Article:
Enter the Doughnut

Doughnut EconomicsI’m not an economist. But I do know that economics doesn’t seem to be working as it should. We seem to spend far too much time talking about profits and growth, and not nearly enough talking about people and our planet.

The economic models of the past have failed to predict, to prevent or to respond to the financial crises that have shaken our society. And yet they are still taught in classrooms and lecture theatres across the world.

We need a new way of thinking about economics. And we need it now.

Thankfully, many economic thinkers are already on the case. And leading among them is Kate Raworth, former Oxfam researcher and now Senior Associate at the Cambridge Institute for Sustainability Leadership and Senior Visiting Research Associate at Oxford University’s Environmental Change Institute.

In her book, Doughnut Economics, Kate tears up the old way of thinking about economics and suggests seven new rules for the twenty-first century economist.

The main challenge for economics, she argues, is to create a strong social foundation, where everyone has access to food, water, housing and other social goods. But it needs to do so within the constraints of an economic ceiling of planetary factors, such as air pollution, ocean acidification and climate change.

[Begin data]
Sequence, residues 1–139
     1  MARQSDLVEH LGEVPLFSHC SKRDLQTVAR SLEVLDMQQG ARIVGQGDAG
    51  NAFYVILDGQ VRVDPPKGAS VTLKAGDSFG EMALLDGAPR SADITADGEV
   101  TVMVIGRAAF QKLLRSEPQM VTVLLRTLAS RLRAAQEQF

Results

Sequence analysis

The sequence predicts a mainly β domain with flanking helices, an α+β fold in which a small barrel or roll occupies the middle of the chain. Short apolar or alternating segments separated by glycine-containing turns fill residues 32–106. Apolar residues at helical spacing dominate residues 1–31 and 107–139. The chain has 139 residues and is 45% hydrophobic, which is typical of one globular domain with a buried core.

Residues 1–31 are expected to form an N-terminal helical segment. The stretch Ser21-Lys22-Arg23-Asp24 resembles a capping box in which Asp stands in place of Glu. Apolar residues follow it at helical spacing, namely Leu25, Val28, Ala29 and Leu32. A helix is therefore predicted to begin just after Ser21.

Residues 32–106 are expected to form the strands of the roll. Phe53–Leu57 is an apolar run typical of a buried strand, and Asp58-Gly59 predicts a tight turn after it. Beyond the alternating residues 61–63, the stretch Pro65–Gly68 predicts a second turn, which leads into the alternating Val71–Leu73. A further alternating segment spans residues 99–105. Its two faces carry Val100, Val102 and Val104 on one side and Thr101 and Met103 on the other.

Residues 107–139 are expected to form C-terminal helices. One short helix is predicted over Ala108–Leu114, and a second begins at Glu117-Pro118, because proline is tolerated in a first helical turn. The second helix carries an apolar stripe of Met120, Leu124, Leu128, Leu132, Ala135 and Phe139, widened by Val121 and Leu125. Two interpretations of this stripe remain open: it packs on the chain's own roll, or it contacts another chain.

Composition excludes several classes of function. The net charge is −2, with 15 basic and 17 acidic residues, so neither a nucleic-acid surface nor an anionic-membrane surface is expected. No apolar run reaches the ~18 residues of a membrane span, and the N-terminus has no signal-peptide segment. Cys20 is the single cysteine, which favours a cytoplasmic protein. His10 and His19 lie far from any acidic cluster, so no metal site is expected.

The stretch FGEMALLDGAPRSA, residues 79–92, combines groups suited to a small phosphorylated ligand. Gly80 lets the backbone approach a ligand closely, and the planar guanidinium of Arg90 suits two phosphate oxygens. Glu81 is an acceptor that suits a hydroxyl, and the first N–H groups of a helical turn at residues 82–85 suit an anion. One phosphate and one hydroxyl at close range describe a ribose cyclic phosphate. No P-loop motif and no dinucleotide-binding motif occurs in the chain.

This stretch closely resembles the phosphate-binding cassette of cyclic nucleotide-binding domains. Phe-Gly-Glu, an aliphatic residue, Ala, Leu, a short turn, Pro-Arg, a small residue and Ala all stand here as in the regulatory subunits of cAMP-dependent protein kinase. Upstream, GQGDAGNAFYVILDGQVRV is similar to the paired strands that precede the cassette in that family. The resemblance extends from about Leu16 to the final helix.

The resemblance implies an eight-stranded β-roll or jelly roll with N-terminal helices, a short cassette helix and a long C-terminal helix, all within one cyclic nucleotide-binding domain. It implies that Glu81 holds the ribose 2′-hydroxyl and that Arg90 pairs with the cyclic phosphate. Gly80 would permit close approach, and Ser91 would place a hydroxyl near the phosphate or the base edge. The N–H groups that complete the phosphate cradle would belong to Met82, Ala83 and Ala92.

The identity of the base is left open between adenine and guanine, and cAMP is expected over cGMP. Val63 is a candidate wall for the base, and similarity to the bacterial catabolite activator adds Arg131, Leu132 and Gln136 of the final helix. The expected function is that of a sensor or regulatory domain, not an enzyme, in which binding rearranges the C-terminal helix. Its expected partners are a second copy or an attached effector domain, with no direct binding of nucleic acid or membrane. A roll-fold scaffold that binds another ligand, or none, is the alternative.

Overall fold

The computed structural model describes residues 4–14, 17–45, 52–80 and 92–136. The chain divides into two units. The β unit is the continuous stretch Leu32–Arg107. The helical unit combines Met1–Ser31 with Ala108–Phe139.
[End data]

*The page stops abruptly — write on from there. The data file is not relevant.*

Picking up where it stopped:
Between this social foundation and the economic ceiling lies the ‘Doughnut’, a safe and just space for humanity:

The Doughnut (Image: Kate Raworth)

The seven new rules that Kate proposes are designed to provide us with the economic tools, models and ideas to live successfully within the doughnut. These include relaxing our obsession on GDP growth, replacing the concept of rational economic man with that of socially adaptable human beings, and using systems thinking to embrace the benefits of dynamic complexity.

But the book is more than just a list of rules. It is an in-depth exploration of how we think about economics, why this way of thinking doesn’t work any more and what we can create to take its place. It is both a potted economic history and a modern-day call to arms for those who want to create a better, more sustainable and more prosperous world.

If that’s you (and I hope it is), then you really should read this book. And then you should act on it. Because while economics may be broken, there’s much that we all – governments, organisations and individuals alike – can do to fix it.

I’ll be exploring the ideas behind the ‘doughnut’ a little more in my own work over the coming months. If this is something that interests you, or if you’d just like to have a chat about how we can all help to make the world a better place, please do get in touch. You can also follow Kate’s work on her website.

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